In “Saving Butterfly McQueen,” a medical student remembers a semester she spent as a confused young religious proselytizer. In Augusta, Ga., her vanity and ambition leads her to the doorstep of McQueen. The well-known African-American actress has publicly disowned her celebrated career as a racially stereotyped movie actress and any belief in God. In Bergman’s imagined Augusta neighborhood in 1994, McQueen is glimpsed in a pitch-perfect scene: her most famous role, as Prissy in Gone With the Wind, is profoundly embarrassing in post-Civil-Rights America — the cringe-worthy “I don’t know nothing bout birthing no babies,” the staircase scene in which Scarlett O’Hara shoves her down. McQueen attempts to reclaim part of that dignity. She renounces her faith. She donates her body to science. She proudly reminds a reporter that she wouldn’t allow Vivien Leigh to slap her.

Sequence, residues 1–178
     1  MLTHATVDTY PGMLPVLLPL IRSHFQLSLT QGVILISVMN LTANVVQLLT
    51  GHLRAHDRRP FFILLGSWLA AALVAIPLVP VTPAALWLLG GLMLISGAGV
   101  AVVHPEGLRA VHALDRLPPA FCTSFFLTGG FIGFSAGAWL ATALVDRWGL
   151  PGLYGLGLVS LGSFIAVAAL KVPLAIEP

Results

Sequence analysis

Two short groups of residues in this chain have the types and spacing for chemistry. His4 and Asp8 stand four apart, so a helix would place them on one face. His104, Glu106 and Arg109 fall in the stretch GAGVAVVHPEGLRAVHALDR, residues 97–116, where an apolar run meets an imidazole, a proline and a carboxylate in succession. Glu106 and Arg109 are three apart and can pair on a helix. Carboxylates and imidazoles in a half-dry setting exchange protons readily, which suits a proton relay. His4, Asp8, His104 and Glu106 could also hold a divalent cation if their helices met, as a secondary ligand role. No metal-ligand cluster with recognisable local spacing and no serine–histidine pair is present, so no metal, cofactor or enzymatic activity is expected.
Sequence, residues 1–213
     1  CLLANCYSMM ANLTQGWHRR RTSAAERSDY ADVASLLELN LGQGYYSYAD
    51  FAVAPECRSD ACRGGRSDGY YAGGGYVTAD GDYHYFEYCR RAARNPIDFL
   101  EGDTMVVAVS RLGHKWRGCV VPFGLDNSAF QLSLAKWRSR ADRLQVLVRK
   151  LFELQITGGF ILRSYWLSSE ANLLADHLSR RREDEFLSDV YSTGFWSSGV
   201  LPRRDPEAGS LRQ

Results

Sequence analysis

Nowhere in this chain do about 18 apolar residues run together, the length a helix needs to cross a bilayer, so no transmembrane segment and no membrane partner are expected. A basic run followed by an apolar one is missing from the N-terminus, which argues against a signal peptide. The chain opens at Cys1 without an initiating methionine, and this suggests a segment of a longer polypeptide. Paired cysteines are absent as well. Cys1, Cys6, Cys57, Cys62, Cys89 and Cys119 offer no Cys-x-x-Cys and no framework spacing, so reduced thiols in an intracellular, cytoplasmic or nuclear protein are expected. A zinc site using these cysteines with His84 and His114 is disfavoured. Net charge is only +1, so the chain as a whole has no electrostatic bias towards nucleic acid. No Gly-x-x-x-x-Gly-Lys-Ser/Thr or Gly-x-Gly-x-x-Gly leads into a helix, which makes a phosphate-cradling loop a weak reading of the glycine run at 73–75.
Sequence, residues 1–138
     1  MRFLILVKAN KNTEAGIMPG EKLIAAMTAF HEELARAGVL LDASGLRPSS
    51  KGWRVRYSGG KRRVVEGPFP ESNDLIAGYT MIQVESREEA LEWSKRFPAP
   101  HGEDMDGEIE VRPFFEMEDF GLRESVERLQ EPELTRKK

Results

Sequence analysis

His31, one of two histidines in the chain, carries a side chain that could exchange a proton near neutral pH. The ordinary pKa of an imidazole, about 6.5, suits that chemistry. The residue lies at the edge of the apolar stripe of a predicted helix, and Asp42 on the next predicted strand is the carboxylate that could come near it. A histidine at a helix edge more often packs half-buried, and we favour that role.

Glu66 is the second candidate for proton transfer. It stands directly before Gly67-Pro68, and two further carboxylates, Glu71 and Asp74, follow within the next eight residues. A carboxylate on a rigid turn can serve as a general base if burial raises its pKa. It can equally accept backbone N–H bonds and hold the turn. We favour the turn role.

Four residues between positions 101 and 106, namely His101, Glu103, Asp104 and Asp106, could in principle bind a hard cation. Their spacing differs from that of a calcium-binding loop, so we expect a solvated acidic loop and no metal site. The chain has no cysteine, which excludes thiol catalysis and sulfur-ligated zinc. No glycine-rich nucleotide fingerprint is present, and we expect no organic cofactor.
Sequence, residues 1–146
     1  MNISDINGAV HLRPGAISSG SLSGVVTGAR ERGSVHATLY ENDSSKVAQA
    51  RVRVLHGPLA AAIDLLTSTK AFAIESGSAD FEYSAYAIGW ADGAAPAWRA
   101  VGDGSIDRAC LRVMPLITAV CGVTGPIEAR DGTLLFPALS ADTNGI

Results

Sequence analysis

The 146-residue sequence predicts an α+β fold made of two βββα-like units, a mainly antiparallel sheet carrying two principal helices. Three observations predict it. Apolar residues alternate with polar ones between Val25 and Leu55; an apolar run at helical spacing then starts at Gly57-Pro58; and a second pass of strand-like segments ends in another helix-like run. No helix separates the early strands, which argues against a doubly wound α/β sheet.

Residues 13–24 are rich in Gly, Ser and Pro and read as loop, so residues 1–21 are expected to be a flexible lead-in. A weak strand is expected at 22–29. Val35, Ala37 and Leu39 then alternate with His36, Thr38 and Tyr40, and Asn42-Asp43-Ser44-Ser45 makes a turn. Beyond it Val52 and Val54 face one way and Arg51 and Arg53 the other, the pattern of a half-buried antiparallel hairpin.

The narrator, the proselytizer, has the grace and wisdom not to explicitly point out her hypocrisy or other failings. Marco’s soul-destroying jealousy is also tautly drawn. As in many of Bergman’s stories, the writing shines through understatement, the well-placed detail, the disciplined accumulation of theme and style. That few of the sentences or passages pull at your cuff to highlight them and paste them on a Goodreads page is a testament to Bergman’s craft. Each sentence is deeply rooted in story and voice and is more effective for not having too-precious prose.